The unicorn of American politics, the “real Hillary Clinton”—the Hillary Clinton I’ve known for nearly 30 years—that Hillary Clinton likes to wear low-heeled shoes to a butt-kicking.
“A man you can bait with a tweet is not a man we can trust with nuclear weapons,” she said of her Republican rival, Donald Trump, while accepting the Democratic presidential nomination, the first woman in U.S. history to head a major-party ticket.
It was a sound bite for the ages, searing and on point.
“Do you really think Donald Trump has the temperament to be commander in chief?” she continued. “Donald Trump can’t even handle the rough and tumble of a presidential campaign. He loses his cool at the slightest provocation. Imagine, if you dare, imagine him in the Oval Office facing a crisis.”
There was a time when I couldn’t imagine Hillary Clinton in the Oval Office. I covered the Clintons in Arkansas, where I started my career, and at the White House, after Bill Clinton’s election brought me to the nation’s capital, and through the many scandals that hardened her shell and hardened people’s attitudes against her. But here she is—on the brink.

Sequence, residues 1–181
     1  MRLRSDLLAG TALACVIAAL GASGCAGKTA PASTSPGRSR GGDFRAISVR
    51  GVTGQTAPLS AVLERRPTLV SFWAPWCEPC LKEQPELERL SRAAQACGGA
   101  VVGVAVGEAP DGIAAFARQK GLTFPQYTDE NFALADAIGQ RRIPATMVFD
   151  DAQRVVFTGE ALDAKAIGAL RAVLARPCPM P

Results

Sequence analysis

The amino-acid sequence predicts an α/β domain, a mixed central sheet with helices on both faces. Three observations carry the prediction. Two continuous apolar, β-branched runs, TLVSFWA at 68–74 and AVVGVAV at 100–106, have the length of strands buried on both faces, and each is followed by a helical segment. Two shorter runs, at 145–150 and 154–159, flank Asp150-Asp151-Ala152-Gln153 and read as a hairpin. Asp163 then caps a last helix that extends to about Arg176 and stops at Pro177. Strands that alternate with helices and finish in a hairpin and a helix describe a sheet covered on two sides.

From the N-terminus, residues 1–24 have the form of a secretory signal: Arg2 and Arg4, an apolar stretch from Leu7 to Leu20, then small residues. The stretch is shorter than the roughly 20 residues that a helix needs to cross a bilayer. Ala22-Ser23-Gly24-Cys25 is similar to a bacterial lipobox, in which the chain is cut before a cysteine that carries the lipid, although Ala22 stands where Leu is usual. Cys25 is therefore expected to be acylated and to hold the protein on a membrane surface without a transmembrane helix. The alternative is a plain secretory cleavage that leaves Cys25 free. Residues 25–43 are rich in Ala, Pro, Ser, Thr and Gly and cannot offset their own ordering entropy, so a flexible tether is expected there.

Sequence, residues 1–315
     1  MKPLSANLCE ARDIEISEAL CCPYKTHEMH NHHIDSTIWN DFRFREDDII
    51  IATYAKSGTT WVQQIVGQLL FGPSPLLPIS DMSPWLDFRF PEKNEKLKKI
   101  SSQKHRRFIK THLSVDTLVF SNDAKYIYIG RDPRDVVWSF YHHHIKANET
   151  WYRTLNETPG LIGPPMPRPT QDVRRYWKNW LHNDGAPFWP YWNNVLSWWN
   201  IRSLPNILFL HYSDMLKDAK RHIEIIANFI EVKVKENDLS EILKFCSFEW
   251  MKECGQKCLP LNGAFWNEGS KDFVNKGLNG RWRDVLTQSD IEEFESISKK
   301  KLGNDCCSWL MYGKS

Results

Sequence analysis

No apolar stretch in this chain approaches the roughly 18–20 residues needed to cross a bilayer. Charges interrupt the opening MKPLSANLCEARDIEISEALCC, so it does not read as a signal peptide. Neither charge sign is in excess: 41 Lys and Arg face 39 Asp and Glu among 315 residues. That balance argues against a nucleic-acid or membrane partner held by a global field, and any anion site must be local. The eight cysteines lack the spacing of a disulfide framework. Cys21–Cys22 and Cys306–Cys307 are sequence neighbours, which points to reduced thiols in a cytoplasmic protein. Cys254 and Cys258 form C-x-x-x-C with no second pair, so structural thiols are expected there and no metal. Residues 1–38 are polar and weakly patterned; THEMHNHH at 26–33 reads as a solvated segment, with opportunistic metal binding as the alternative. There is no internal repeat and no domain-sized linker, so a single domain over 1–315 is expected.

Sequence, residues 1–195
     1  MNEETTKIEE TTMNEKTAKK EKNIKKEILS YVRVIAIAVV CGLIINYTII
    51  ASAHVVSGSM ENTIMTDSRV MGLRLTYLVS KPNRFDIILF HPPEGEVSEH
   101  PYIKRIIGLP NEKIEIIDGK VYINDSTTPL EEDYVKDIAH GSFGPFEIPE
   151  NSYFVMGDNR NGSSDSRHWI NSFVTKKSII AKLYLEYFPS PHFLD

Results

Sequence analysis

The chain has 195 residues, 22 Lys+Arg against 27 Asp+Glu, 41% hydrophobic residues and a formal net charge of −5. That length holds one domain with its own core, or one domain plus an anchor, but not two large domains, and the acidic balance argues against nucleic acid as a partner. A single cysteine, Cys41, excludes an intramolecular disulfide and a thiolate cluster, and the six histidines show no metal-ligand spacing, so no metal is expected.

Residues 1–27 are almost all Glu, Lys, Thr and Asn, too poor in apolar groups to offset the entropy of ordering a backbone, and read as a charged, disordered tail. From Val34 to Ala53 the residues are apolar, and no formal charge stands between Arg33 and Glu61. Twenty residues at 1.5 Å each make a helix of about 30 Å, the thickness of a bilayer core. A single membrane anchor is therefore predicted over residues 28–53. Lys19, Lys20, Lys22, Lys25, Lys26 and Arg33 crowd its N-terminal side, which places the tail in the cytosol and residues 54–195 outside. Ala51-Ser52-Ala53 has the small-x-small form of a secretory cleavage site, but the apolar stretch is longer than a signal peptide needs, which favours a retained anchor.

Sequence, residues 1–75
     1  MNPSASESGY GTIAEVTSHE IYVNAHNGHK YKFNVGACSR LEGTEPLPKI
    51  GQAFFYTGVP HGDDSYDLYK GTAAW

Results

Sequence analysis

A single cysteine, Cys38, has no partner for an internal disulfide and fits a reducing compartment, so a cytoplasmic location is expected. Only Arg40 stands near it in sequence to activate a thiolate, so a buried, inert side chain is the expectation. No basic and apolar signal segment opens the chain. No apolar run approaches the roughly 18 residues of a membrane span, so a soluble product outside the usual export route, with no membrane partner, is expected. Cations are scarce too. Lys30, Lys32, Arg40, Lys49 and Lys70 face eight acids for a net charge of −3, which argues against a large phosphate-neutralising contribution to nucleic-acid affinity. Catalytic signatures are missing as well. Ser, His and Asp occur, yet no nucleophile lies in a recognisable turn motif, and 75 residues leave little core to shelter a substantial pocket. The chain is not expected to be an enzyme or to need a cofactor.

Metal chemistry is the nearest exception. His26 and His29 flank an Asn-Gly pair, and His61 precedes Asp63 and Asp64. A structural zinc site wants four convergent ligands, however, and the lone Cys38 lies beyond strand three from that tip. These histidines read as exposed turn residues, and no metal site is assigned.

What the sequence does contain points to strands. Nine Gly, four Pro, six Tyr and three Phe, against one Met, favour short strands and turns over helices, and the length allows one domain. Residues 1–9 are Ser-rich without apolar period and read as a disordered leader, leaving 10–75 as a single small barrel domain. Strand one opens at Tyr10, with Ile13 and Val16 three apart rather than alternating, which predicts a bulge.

Watching her speech—a good one, not great, but her best—I kept thinking of a moment a quarter century ago, a small moment, but one not unlike this. It was the moment I stopped betting against her:
Summoned to a Capitol rotunda news conference by Tom McRae, an earnest Democrat challenging then-Governor Bill Clinton for re-election, I heard the click, clack, click of the first lady's low-heeled shoes approach from a hidden marble hallway.
"Tom!" the first lady of Arkansas shouted. "I think we oughta get the record straight!"
Waving a sheaf of papers, Hillary Clinton undercut McRae's criticism of the Clinton administration by pointing to his past praise of the governor. It was a brutal sandbagging.
“Many of the reports you issued not only praise the governor on his environmental record," she said, "but his education and his economic record!" McRae's primary campaign was toast. Bill Clinton was one step closer to the White House.
The national equivalence of that scene played out Thursday night, when she strode across the convention stage (yes, in heels) and reeled off the case against Trump. Like she did with McRae, Clinton threw Trump’s words back at him: Ban Muslims; a Mexican judge is biased; Mexican immigrants are rapists; women are pigs and bleed out of their whatever; John McCain and his fellow POWs are losers; and Vladimir Putin is a great leader.